If U.S.-based multinational companies didn’t have to pay any U.S. tax on profits earned in other countries — as some current proposals advocate — how much income would such firms shift outside the United States?
Not nearly as much as you might think, according to new research.
With more than $2 trillion in foreign profits currently being held abroad by U.S. multinationals, reform of international taxation has achieved a new priority in the national political agenda. Prominent in the discussion are ideas to change the way the federal government taxes foreign earnings of these companies.
Proposals have been advanced to move from the current system, which subjects U.S. companies’ foreign profits to a steep federal levy when they are brought home (and thereby motivates multinationals to keep those earnings abroad), to a territorial system, common in the rest of the world, that taxes only income earned at home.
Such proposals raise a portentous question: To what extent would exempting foreign-earned income from the federal 35% statutory corporate tax under a territorial tax system prove a drain on much-needed tax revenues? It has been speculated that the loss to the treasury over 10 years could be as much as $500 billion, as companies shift income to lower-tax countries abroad, knowing that they will owe no federal tax on it.
Now, a paper in the current issue of The Accounting Review, an American Accounting Association journal, suggests that a territorial system may well lead to income-shifting abroad by hundreds of firms that presently are financially constrained from doing so.
However, at a time when federal budgets are in the trillions of dollars, the lost tax revenue is likely to be comparatively modest.
Scott Dyreng of Duke University and Kevin Markle of the University of Iowa analyzed the effect of financial constraints (that is, lack of readily available cash to meet domestic expenses) on income shifting by 2,058 U.S.-based multinationals from 1998 through 2011.
The professors estimated that, had a territorial system been in effect over that time instead of the so-called worldwide system, the financially constrained firms in the sample would have shifted about $80 billion more of their income out of the country. That would have increased the amount the whole sample shifted by about 8%.
Assuming that such firms paid the statutory corporate rate of 35% on that non-shifted income (which is more than the effective rate many companies actually pay), the loss to the federal treasury would have totaled $28 billion over the 14 years.
The findings reflect the fact that companies with ready access to funds to meet their expenses at home have reaped benefits from shifting income to low-tax countries, while financially constrained firms have not been able to enjoy such benefits.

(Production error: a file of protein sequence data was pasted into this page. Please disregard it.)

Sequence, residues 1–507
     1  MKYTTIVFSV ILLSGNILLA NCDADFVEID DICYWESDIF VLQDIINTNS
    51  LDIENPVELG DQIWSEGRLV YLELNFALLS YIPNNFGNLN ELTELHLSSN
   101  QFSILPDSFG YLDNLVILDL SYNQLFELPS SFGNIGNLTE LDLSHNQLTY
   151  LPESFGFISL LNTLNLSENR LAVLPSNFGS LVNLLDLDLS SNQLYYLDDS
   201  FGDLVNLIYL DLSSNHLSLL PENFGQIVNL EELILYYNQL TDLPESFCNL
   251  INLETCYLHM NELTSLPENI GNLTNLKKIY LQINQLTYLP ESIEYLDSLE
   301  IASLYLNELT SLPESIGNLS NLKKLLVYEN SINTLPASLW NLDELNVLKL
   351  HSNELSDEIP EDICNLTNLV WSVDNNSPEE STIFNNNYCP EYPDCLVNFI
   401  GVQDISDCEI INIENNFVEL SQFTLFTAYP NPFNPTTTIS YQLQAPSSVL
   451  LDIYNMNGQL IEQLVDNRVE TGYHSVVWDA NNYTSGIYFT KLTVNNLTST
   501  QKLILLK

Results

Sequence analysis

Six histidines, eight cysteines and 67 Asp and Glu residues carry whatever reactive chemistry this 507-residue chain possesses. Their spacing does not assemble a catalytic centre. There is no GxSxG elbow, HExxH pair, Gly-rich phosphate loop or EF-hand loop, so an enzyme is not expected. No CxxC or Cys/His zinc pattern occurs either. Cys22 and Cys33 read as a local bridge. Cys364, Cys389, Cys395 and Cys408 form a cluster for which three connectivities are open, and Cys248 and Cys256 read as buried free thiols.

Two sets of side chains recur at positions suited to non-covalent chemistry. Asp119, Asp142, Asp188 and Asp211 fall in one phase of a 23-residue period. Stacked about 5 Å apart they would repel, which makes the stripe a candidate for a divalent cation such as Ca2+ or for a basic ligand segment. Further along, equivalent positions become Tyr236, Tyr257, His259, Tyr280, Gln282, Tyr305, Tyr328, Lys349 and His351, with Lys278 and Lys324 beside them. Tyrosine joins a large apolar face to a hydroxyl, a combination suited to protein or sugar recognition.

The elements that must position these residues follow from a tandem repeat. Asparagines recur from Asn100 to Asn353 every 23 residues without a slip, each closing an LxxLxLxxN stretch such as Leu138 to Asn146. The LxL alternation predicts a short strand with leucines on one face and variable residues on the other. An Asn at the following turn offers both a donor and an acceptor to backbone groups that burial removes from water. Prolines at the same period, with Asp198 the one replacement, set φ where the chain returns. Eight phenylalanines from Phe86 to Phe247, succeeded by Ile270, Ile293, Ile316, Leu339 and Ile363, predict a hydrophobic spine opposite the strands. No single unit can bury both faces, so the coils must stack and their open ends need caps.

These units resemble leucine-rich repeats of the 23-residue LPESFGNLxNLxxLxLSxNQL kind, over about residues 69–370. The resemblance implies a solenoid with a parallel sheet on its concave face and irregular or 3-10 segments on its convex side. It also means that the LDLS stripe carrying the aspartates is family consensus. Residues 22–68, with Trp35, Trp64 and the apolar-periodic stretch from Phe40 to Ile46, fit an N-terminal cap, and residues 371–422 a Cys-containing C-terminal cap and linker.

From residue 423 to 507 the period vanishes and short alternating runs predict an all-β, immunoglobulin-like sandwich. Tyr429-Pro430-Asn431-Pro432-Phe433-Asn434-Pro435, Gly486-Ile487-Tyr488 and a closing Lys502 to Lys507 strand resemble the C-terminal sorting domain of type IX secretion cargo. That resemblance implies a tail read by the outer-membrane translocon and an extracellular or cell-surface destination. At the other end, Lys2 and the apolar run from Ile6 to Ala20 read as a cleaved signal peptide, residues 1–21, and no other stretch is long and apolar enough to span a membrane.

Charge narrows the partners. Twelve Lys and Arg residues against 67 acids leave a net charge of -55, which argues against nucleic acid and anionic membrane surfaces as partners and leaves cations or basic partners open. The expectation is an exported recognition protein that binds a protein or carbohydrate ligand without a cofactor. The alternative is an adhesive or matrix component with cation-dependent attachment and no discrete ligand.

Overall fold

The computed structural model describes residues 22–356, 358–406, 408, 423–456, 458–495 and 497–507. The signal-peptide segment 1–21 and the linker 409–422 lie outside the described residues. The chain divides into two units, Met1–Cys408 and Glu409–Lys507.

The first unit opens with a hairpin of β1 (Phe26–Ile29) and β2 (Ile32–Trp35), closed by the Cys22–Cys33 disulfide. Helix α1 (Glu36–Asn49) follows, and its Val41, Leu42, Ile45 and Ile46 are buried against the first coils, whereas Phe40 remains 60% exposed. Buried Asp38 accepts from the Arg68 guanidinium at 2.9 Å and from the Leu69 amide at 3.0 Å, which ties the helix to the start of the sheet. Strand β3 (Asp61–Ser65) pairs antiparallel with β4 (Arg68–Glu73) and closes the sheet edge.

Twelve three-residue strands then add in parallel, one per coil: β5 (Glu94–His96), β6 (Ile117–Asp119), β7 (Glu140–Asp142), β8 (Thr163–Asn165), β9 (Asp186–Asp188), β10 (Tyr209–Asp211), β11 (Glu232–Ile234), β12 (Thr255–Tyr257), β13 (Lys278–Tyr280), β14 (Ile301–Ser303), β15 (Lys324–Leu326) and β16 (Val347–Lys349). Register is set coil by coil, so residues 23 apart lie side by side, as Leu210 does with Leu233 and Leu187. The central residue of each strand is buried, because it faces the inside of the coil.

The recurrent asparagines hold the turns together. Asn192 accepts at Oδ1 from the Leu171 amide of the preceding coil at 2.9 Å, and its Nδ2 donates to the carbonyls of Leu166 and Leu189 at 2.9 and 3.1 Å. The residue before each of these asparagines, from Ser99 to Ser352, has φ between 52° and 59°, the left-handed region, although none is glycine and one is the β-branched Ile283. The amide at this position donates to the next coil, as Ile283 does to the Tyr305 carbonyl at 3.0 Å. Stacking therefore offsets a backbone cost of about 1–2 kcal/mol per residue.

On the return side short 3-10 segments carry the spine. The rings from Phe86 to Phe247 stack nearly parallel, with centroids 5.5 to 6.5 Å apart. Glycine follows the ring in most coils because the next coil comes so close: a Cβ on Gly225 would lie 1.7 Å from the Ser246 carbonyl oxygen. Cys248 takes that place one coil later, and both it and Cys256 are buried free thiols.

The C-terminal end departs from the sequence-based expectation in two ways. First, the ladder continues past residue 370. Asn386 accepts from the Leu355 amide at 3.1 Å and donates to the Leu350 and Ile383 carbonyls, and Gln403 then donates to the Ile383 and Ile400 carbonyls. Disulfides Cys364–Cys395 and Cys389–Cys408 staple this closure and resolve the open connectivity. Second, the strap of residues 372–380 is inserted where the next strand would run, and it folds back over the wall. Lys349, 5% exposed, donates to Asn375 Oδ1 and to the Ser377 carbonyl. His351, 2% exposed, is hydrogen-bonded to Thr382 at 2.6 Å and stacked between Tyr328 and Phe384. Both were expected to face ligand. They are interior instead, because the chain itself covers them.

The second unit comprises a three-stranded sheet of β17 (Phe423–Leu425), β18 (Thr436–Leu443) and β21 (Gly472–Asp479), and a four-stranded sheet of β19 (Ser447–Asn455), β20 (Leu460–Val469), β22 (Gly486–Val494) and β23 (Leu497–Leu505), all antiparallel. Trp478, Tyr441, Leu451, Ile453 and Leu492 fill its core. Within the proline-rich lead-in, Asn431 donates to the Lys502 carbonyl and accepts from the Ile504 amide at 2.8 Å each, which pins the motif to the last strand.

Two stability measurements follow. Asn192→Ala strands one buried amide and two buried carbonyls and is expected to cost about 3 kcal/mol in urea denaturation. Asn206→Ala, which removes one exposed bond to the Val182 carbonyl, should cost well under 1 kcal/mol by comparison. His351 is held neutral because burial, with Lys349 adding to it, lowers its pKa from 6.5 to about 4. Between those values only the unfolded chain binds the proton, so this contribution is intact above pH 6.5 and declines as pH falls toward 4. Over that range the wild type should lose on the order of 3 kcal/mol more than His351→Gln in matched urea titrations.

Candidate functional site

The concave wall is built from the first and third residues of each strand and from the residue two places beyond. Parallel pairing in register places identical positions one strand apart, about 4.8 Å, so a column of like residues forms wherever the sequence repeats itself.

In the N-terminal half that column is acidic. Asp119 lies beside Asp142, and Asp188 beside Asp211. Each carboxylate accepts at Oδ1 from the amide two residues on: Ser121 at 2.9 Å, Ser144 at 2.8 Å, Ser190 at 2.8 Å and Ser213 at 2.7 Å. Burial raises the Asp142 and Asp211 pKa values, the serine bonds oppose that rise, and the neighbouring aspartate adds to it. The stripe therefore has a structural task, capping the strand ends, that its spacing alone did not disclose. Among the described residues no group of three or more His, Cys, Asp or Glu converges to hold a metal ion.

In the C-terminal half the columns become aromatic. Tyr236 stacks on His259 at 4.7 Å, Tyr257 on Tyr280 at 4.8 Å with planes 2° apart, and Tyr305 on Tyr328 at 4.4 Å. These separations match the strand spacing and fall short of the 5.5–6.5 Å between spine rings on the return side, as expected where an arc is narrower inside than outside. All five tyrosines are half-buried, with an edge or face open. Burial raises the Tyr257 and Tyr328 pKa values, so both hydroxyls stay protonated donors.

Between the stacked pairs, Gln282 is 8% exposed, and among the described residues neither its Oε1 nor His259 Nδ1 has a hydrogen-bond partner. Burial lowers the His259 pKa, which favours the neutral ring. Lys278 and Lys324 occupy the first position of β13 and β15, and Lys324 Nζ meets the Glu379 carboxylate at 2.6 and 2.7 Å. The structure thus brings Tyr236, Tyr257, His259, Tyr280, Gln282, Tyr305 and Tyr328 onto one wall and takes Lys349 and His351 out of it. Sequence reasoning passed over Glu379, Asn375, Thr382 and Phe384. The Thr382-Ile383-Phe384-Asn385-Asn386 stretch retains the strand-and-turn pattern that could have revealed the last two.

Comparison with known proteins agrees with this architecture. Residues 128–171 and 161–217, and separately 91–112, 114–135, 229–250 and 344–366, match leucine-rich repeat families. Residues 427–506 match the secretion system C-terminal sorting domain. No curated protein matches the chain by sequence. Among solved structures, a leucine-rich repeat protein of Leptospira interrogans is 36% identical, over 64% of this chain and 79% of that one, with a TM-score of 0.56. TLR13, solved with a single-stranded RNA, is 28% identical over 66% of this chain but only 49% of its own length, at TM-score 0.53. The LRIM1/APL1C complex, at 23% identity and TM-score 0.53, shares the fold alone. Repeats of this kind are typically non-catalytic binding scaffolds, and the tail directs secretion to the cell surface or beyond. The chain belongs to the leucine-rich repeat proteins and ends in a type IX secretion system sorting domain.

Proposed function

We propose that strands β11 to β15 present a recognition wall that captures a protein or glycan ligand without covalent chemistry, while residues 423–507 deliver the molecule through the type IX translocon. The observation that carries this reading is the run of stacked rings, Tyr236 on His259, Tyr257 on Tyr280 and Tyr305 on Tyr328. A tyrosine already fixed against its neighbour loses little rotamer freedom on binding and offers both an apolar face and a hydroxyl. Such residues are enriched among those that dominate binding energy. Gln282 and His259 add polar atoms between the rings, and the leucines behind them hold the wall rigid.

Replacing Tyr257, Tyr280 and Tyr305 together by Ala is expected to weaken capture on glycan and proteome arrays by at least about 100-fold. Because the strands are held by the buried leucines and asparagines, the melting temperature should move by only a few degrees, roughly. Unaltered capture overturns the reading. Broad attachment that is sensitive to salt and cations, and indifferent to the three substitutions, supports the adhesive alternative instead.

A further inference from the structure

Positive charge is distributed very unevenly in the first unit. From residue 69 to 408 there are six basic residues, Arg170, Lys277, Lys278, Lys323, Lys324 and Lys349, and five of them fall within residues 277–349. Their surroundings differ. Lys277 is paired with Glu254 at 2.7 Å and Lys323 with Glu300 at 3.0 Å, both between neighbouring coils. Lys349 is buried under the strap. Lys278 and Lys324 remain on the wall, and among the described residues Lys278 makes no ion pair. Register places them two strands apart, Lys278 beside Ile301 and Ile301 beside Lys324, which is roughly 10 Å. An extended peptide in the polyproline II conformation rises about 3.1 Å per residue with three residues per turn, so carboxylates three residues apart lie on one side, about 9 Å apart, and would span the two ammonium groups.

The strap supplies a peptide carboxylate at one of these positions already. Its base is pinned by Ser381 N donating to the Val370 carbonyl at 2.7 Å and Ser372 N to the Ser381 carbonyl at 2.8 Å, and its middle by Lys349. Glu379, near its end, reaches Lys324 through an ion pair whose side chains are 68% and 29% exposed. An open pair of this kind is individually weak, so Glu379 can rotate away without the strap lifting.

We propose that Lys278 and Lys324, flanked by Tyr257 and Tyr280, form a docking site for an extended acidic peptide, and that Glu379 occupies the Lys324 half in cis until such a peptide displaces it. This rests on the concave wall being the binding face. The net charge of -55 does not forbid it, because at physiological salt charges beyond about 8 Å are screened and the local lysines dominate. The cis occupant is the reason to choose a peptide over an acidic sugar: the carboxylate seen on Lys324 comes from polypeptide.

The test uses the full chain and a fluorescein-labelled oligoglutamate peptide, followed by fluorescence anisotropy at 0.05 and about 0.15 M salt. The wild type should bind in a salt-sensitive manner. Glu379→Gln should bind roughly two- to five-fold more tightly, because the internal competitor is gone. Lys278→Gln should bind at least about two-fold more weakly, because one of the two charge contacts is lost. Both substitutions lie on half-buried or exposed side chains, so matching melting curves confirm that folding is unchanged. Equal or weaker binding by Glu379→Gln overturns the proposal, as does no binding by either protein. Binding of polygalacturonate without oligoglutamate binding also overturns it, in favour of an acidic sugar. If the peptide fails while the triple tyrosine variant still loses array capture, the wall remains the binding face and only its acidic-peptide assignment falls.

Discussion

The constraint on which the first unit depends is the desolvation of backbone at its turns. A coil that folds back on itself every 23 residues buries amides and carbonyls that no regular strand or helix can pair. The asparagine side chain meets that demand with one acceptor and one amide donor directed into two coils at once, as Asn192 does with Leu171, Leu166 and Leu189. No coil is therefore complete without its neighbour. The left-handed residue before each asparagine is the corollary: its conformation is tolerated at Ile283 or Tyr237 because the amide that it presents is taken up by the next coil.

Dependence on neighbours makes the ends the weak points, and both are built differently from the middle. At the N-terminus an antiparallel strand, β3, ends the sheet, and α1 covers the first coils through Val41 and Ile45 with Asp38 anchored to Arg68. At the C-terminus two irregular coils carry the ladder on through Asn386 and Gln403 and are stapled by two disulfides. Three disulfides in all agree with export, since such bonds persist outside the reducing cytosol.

Why? Because firms in the former group, not needing to tap foreign profits to meet company expenses, are free to leave that money where it is and defer the federal taxes they would have to pay if they brought the income home. The U.S. tax code permits companies to defer taxes on foreign earnings as long as that money remains abroad.
This tactic, employed by Apple, Google, Microsoft, Yahoo and others, has evoked outrage from legislators who have vowed to change the system.
In effect, Dyreng and Markle reasoned, such firms have already been operating in a territorial system, paying taxes on their domestic income but not on the profits of their foreign subsidiaries. Under a territorial system, financially constrained firms would gain the same benefit.
To gauge the effect of implementing such a system, the professors compared the difference in income-shifting of the two groups of companies over 14 years.
They employed three measures used in scholarly literature as indicative of financial constraint: a junk rating below BBB from Standard Poor’s on company bonds; a measure based on a firm’s size and age, where lower numbers are associated with less access to cash; and whether the company pays dividends. About half the sample turned out to be financially constrained by the first and third measures, and about one-third by the second measure.
Firms with junk ratings (which recent research suggests to be the most reliable measure of financial constraints, Dyreng and Markle noted) were found to shift 19.5% less of their income abroad than relatively unconstrained companies.
The authors cautioned that their estimate “ignores unanticipated behavioral responses by firms and actions taken by governments that would certainly arise with a change in the tax system.”
For example, legislators have proposed that initiation of a territorial system be accompanied by a reduction in the U.S. statutory corporate tax rate, which at 35% considerably exceeds the world average of 22.5%. Such a change could, of course, mitigate increases in outbound shifting of corporate income that the new research suggests a territorial system would occasion.
The new study, “The Effect of Financial Constraints on Income-Shifting by U.S. Multinationals,” is in the November issue of The Accounting Review, published every other month by the American Accounting Association.